Racism isn’t just black and white. In my experience, all my classes about race are taught by a black professor. I remember sitting in one of my media classes discussing race; we had spent weeks on how blacks and whites are portrayed in the media. As my professor went on and on, I sat there wondering when she was going to bring up Asians, Hispanics, or Middle Easterners. Finally, as if God had heard my plea, a thankfully inquisitive student in the front raised his hand, “What about Asians?”
There was five minutes left in class, and all she said was, “Well, they tend to be the ‘model minority,’” and carried forth with the discussion on blacks and whites.
Model minority?!? What about the shocking statistics of 1.3 million Asians that are undocumented or the fact that Southeast Asians have the highest high school drop out rate?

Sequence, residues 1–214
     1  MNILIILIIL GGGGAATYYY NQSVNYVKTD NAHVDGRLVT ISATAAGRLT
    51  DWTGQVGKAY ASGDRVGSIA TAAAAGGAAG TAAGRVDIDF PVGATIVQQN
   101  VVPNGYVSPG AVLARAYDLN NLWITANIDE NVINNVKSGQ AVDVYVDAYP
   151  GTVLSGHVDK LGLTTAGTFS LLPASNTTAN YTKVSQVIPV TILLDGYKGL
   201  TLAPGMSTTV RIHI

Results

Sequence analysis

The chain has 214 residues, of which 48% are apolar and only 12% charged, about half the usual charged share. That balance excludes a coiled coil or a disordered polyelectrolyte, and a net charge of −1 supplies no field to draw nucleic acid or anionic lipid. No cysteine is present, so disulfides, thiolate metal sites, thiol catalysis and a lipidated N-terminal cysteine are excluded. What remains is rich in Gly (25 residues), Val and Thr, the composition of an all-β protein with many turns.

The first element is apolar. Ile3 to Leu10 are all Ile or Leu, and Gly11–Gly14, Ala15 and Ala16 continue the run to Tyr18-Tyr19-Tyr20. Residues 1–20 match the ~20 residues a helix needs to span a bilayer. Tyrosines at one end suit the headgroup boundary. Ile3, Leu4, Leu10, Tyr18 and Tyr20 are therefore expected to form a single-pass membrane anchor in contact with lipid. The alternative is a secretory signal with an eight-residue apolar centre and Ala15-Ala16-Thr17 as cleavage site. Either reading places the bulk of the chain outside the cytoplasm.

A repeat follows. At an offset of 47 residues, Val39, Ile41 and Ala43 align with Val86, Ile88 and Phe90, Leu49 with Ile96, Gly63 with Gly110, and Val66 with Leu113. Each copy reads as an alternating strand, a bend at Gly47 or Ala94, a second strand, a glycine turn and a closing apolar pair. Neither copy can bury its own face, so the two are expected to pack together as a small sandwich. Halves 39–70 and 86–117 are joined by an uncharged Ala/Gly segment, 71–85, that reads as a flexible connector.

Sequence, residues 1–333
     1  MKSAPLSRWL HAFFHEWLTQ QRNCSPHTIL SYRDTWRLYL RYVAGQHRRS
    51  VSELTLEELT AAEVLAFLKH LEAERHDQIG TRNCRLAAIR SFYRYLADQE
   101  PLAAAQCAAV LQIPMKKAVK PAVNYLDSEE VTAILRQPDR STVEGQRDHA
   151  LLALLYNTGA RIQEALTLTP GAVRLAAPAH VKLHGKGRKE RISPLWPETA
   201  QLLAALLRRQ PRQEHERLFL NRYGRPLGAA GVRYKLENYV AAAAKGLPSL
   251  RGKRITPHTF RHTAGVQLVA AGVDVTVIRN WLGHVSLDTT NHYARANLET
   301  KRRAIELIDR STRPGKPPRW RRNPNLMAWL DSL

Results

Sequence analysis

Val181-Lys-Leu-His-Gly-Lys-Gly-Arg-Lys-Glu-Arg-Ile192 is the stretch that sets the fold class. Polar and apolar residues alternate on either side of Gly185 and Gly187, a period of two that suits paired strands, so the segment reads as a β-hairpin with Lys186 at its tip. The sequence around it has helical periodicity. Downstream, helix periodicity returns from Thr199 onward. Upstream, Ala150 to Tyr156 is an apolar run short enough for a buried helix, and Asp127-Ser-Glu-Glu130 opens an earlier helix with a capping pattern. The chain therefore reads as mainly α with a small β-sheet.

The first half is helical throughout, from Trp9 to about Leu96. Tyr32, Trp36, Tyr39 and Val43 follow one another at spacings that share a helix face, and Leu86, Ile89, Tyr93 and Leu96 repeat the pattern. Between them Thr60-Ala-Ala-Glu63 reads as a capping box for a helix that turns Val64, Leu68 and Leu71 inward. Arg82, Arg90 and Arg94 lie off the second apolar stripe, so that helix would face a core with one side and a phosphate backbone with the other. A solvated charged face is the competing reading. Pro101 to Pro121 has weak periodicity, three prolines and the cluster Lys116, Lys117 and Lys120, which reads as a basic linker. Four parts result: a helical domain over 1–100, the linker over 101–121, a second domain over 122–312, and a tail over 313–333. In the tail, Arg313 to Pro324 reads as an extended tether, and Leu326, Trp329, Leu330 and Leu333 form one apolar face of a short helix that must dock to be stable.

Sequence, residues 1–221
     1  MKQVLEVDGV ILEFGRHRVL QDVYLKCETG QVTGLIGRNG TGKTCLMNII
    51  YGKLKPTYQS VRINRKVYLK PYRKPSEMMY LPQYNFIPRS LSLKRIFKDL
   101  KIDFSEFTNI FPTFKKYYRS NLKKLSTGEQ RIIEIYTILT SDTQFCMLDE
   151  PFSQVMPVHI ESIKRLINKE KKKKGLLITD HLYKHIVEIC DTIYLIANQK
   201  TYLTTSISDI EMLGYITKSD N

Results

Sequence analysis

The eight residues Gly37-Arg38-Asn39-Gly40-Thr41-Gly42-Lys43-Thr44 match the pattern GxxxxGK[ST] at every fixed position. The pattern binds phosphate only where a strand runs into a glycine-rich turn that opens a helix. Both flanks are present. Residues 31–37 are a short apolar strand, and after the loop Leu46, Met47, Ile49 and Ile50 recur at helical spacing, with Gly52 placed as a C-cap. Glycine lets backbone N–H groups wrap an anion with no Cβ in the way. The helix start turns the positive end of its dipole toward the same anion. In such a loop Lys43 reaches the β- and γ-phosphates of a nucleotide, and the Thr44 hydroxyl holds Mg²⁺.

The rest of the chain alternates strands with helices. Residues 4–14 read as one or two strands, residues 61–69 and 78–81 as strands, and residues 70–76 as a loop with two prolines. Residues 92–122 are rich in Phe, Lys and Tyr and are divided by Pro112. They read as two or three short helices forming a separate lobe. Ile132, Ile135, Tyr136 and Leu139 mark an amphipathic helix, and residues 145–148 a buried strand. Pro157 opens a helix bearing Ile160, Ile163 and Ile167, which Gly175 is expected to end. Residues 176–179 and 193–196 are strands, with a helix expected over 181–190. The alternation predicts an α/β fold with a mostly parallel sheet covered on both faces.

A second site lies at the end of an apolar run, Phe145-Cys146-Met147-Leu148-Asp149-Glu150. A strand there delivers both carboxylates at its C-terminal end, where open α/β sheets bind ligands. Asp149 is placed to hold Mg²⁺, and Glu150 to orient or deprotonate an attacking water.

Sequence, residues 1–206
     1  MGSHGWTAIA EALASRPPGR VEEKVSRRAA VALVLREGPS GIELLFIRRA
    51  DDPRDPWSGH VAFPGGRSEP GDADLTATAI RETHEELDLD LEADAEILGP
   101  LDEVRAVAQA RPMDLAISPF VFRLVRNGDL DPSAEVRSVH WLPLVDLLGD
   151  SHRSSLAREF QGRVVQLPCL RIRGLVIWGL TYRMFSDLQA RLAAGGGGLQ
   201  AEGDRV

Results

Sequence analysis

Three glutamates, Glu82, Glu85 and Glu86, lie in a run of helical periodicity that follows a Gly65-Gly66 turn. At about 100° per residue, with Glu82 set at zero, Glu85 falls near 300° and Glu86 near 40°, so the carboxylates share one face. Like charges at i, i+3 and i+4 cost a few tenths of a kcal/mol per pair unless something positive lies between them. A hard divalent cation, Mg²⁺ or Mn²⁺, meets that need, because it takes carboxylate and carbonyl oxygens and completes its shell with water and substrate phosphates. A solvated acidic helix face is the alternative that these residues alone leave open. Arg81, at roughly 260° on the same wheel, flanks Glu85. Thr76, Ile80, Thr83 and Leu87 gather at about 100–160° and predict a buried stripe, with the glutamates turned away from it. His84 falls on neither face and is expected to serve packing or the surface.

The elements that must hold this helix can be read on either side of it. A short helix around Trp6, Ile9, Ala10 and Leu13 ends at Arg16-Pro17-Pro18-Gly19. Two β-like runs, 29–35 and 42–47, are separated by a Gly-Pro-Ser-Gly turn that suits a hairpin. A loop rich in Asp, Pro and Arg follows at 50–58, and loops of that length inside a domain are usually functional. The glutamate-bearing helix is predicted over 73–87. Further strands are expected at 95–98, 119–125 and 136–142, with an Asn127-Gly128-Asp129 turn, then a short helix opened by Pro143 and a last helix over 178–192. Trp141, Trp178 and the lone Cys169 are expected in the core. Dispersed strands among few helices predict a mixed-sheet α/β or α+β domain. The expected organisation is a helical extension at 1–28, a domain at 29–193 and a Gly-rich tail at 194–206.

Now, I understand why the discussion on race tends to be about blacks and whites. America’s darkest days were about slavery and the civil rights movement. There’s a lot to be said about the resilient nature of the African-American people. Schools teach to let us never forget where America came from and from the mistakes of our past, we can learn justice and tolerance. However, even to this day, as sad as it is, we still struggle with racism among the two.
But if race is such a huge topic in American studies, why is it that I never learned about the Asian & Chinese Exclusion Acts in my classes or the fact that we only briefly touched on the Japanese Internment camps?
Why is it that after the Virginia Tech shooting there was a huge controversy and focus on the shooter’s ethnic heritage. With racists slurs and comments being brought upon Asians in that time. Whereas race wasn’t ever thought about in other horrific school shootings committed by white people?
In the end, I’ve decided that being Asian-American is all together another race and culture. We are the ignored minority.